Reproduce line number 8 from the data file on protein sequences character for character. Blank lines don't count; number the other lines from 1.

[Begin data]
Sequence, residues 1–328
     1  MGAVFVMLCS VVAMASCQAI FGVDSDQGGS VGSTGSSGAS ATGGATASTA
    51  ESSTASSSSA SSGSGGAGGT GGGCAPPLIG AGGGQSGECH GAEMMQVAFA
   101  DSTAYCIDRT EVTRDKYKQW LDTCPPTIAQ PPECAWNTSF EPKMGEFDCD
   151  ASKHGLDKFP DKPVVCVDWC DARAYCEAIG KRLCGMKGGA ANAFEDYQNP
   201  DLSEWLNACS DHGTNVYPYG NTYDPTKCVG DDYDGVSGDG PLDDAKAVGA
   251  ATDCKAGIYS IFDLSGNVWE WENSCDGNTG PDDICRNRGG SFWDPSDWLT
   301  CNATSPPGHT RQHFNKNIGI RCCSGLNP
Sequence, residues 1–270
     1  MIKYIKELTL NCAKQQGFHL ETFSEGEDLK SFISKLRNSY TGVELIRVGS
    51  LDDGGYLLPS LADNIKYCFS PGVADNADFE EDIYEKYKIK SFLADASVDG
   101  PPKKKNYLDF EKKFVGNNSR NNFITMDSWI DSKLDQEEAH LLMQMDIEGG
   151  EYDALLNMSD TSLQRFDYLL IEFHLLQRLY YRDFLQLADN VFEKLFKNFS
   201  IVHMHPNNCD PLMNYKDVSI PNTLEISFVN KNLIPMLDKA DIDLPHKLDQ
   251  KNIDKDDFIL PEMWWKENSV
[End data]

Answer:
   301  CNATSPPGHT RQHFNKNIGI RCCSGLNP